Guest blog by Elliot Regenstein, Foresight Law and Policy and Nasha Patel, Watershed Advisors
As part of the Vermont Child Care and Early Childhood Education Systems Analysis, Building Bright Futures supported Foresight Law and Policy & Watershed Advisors in disseminating a survey for stakeholders to indicate their preferred governance option moving forward. The options included:
- Keep the structural status quo;
- Consolidate child care and early education functions into an existing agency – either the Agency of Education or the Agency of Human Services; or
- Create some sort of new agency or unit focused on early childhood¹.
The survey generated 326 responses. While a diverse range of stakeholders (referred to as “the field” throughout) shared their opinions, the largest category of respondents was from the early childhood education sector (172 responses). Other well-represented groups included Pre-K-12 education (71), cross-sector professionals (37), state agency professionals (27), advocates (26), and parents (26). (Respondents were allowed to identify in more than one category.)
There were a few major takeaways from the survey:
- Survey respondents are opposed to maintaining the status quo. In fact, 176 respondents (54%) identified the status quo as their least preferred option, with another 59 (18%) ranking it next-to-last. By contrast, only 48 respondents (15%) listed the status quo as one of their top two options.
- Survey respondents want to try a new structure, and not simply consolidate functions into an existing agency. An overwhelming 191 respondents (59%) listed a new agency as their top choice, with another 50 (15%) listing it as their second choice.
- 66 respondent’s (20%) top choice was consolidation into AOE. While 111 respondents (34%) said that consolidation into AOE was their least preferred option, adding comments expressing strong opposition to such a move.
- Consolidation into AHS was the option that received the fewest number of first choice votes, but it received a substantial number of second and third choice votes.
In previously surveying the early childhood landscape, we noted that processes like the Systems Analysis tend to focus on the flaws in state government, and that these flaws are structural; these results should not necessarily be read as a negative reflection on the current leaders in state government. Indeed, many of the comments spoke to the structural nature of Vermont’s governance problems, emphasizing how hard it is to properly administer Vermont’s early childhood system in the current structure.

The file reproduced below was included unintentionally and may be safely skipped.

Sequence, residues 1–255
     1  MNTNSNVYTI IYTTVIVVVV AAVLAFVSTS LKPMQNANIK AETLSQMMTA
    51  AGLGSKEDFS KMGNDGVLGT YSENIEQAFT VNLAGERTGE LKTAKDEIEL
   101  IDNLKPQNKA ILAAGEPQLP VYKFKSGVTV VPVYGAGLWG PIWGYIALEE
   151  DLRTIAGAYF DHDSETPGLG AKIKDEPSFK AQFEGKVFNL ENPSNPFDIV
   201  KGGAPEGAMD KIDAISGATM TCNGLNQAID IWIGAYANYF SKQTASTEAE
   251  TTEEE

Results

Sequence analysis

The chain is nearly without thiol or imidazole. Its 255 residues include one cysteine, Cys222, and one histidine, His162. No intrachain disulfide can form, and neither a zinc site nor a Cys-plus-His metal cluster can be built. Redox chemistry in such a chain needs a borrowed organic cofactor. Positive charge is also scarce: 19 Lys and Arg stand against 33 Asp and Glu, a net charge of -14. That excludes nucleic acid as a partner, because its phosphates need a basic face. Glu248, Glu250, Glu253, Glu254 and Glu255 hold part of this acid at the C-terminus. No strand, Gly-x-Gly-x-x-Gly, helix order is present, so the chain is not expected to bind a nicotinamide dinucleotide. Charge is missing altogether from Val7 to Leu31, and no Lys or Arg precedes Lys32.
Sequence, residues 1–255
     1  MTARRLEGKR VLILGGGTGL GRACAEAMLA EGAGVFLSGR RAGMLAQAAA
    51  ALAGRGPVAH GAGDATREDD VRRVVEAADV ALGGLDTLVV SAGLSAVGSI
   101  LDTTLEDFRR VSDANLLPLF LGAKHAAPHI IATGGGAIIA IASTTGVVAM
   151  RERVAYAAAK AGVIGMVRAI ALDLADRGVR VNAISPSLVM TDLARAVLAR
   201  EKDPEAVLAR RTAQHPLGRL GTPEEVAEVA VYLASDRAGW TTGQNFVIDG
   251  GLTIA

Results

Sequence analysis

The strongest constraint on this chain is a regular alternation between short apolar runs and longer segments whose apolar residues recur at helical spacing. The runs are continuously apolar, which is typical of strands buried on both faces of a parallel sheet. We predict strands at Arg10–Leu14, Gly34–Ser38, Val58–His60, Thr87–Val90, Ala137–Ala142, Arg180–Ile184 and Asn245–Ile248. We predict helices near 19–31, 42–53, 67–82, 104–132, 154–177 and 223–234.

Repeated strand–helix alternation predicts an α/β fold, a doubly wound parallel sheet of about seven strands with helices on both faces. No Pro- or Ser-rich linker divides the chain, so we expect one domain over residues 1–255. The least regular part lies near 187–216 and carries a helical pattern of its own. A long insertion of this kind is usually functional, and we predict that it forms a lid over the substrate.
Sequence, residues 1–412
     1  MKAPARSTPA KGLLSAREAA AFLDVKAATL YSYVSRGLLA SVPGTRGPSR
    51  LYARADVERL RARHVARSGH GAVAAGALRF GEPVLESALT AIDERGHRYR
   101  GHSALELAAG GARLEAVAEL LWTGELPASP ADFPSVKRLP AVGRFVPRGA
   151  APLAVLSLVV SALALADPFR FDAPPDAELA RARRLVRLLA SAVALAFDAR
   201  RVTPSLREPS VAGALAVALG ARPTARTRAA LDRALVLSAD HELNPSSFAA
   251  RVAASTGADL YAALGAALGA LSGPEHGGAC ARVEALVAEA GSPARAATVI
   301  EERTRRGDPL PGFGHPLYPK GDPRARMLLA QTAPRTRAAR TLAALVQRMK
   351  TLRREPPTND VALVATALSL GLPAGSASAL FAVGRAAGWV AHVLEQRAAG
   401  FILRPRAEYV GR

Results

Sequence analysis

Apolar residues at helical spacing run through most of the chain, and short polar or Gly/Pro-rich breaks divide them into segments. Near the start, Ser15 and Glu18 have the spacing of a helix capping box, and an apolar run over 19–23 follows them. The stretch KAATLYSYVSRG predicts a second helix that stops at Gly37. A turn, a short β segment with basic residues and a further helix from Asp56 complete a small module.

Ultimately the Administration and General Assembly will be responsible for setting Vermont’s path forward, and these survey results represent an opportunity for leaders in state government. While these survey results are unscientific, they reflect an emerging narrative that the early childhood field (including public and private partners) wants meaningful change². That creates an action imperative to which the Administration and General Assembly can be responsive.
These results also reflect a larger sense in the field that neither AHS nor AOE is positioned to be successful in managing the entire range of child care and early education programs that the state currently administers. Again, that is not necessarily a commentary on those agencies’ current leadership, but the product of deep structural forces that have emerged in Vermont over many years.
While the Governor has appropriately been seeking to develop a “cradle to career” education continuum, the results of the survey suggest that the best way to do that is not necessarily to consolidate early childhood governance within AOE. The best way to create a strong cradle to career system may be to have early childhood, K-12, and higher education each overseen by a governmental unit with deep expertise in that age span – and close connections to other oversight agencies.
We are grateful to the early childhood community for its active participation in the survey, and indeed the entire Systems Analysis process. Next month our draft Systems Analysis will offer our thoughts on moving toward a better system – thoughts that draw on our many interviews with Vermont stakeholders, and these survey results. In the coming weeks we look forward to additional stakeholder feedback, and to continuing this important conversation.
The goal of the ECSA is to examine systems that govern and administer childcare and early childhood education and use this information to make recommendations for Vermont’s approaches to improve functionality of services and systems that will promote optimal outcomes for children and families.
We recently published two documents based on the information we gathered from early childhood partners that are linked below for additional context.